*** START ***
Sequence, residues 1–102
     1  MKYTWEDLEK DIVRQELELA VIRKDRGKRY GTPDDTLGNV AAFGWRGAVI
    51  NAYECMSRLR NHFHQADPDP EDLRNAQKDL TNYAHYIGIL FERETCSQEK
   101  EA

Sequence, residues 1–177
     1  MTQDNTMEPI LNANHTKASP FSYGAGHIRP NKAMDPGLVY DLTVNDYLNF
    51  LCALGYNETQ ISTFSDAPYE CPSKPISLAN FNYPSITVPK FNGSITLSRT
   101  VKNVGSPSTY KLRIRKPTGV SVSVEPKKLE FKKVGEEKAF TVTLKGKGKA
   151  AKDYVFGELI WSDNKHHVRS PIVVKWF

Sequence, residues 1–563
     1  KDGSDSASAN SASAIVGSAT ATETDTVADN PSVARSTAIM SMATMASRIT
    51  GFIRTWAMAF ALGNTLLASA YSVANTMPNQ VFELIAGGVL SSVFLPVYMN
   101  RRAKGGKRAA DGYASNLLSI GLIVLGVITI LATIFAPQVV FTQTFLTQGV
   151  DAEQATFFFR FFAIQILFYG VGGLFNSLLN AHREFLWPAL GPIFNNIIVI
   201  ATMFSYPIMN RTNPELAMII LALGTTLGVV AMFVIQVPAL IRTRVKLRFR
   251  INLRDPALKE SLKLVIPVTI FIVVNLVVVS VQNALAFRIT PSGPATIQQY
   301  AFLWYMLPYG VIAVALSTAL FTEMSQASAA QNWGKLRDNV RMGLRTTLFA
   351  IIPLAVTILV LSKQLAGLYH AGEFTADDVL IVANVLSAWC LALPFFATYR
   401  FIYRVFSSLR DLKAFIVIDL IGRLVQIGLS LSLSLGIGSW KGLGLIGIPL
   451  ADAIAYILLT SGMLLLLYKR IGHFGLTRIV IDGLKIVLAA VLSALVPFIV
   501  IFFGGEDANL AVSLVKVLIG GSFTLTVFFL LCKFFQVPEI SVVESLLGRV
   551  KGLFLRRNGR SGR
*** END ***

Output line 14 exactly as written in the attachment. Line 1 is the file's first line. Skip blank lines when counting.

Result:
   151  DAEQATFFFR FFAIQILFYG VGGLFNSLLN AHREFLWPAL GPIFNNIIVI